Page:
(NewsNation) — A new Texas report says the first armed officer to arrive at Robb Elementary School in Uvalde saw the gunman while he was still outside the school but did not shoot him because he did not receive permission from his supervisor.
The report by the Advanced Law Enforcement Rapid Response Training (ALERRT) at Texas State University was released Wednesday amid continuing questions and criticism about law enforcement’s response to the attack that left 21 dead.
According to the report, the armed officer saw the suspect — Salvador Ramos — carrying a rifle and asked for permission to shoot him.
“However, the supervisor either did not hear or responded too late,” according to the report. “The officer turned to get confirmation from his supervisor and when he turned back to address the suspect, he had entered the west hallway unabated.”
Authors of the 26-page report said their findings were based off video taken from the school, police body cameras, testimony from officers on the scene and statements from investigators. Among their findings:
- It appeared that no officer waiting in the hallway during the shooting ever tested to see if the door to the classroom was locked. The head of Texas’ state police agency has also faulted officers on the scene for not checking the doors.
- The officers had “weapons (including rifles), body armor (which may or may not have been rated to stop rifle rounds), training, and backup. The victims in the classrooms had none of these things.”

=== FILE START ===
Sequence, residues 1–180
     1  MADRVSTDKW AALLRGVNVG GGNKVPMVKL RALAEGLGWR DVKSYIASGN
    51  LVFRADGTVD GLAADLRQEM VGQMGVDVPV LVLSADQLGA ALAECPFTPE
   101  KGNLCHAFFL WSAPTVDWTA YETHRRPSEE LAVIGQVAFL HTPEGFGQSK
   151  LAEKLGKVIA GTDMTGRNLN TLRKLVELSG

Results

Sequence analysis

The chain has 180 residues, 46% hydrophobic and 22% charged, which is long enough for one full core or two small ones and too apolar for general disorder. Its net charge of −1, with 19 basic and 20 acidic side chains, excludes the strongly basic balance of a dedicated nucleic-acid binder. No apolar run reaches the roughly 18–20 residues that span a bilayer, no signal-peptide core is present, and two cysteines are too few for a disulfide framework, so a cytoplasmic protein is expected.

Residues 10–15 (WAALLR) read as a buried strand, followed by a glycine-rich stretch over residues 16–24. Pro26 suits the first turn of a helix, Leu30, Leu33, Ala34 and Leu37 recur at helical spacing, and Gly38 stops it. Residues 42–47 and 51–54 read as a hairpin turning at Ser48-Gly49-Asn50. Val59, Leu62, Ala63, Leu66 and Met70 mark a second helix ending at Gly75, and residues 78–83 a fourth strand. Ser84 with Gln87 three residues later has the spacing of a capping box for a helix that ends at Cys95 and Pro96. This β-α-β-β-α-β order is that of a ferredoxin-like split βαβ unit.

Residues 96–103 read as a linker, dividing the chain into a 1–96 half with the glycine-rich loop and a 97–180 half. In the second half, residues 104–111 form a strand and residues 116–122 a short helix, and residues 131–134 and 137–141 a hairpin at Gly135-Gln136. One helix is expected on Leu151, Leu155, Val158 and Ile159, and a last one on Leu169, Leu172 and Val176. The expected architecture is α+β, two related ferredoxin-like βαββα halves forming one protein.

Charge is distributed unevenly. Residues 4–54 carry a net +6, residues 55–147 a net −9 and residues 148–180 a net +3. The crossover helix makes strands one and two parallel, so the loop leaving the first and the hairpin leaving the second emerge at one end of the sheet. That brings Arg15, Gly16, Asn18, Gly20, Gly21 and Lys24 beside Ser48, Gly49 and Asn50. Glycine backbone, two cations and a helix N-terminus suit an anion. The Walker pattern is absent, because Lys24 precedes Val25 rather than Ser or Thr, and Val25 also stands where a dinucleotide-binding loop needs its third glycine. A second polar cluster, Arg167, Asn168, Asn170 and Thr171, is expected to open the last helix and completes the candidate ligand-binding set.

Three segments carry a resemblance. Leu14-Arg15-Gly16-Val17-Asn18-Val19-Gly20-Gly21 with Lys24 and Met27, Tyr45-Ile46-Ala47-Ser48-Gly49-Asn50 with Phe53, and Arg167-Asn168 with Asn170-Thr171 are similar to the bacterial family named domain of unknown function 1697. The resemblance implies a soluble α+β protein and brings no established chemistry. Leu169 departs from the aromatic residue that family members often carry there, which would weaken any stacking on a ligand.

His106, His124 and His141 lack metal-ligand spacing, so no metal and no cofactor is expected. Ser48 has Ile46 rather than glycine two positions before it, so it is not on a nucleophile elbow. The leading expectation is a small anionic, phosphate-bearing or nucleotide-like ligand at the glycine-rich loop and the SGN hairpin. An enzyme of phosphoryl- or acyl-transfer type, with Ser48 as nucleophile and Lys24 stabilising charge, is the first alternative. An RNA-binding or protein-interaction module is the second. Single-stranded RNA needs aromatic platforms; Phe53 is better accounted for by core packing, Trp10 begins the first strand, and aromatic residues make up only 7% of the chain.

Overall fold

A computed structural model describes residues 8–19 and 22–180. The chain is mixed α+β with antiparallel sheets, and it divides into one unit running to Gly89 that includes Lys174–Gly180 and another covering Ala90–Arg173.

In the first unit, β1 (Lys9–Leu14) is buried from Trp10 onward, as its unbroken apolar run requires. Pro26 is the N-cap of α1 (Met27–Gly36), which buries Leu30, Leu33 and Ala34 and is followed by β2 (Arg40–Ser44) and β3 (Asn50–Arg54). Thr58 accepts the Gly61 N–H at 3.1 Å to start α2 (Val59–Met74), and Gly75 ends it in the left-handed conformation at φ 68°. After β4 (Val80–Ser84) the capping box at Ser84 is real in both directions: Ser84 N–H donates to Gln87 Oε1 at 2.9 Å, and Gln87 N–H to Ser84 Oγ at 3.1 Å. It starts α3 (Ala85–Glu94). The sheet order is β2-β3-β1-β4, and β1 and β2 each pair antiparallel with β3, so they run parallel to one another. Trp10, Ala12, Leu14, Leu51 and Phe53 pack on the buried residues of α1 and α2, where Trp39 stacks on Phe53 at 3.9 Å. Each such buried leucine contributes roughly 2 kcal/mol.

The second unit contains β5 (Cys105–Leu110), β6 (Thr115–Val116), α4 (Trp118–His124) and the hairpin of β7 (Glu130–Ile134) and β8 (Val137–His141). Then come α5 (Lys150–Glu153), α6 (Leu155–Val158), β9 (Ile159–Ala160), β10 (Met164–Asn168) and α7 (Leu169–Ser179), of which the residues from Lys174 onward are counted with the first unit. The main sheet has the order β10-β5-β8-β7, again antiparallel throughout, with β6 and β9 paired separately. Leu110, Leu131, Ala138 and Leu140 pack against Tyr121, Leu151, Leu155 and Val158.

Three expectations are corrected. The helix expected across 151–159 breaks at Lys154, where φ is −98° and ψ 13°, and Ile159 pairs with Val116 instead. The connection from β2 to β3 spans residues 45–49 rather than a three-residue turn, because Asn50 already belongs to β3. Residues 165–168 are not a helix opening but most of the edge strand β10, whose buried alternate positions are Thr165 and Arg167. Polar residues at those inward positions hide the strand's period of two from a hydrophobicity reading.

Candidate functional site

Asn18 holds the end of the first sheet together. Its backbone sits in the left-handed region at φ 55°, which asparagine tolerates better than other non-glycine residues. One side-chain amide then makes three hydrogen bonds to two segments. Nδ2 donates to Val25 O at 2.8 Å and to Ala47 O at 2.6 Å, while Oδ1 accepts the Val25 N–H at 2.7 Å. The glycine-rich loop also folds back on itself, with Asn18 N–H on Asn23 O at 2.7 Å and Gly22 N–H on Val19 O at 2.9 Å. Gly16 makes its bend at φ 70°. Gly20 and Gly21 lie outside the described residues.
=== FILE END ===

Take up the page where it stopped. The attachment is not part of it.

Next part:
- When officers finally entered the classroom at 12:50 p.m. — more than an hour after the shooting began — they were no better equipped to confront the gunman than they had been up to that point.
- “Effective incident command” never appears to have been established among the multiple law enforcement agencies that responded to the shooting.
Previously, a senior sheriff’s deputy told The New York Times two Uvalde officers passed up a chance to shoot Ramos outside the school before he went on to kill 19 students and two teachers inside the school on May 24.
Pete Arredondo, the Uvalde schools police chief criticized for waiting too long before confronting Ramos, resigned from his position on the Uvalde City Council on July 2.
A lawyer for Arredondo and a spokeswoman for the Uvalde city police department did not immediately respond to The Associated Press’ requests for comment.
Arredondo is on leave from his job with the Uvalde Consolidated Independent School District. There is no indication he will resign from the position.
The Associated Press contributed to this report.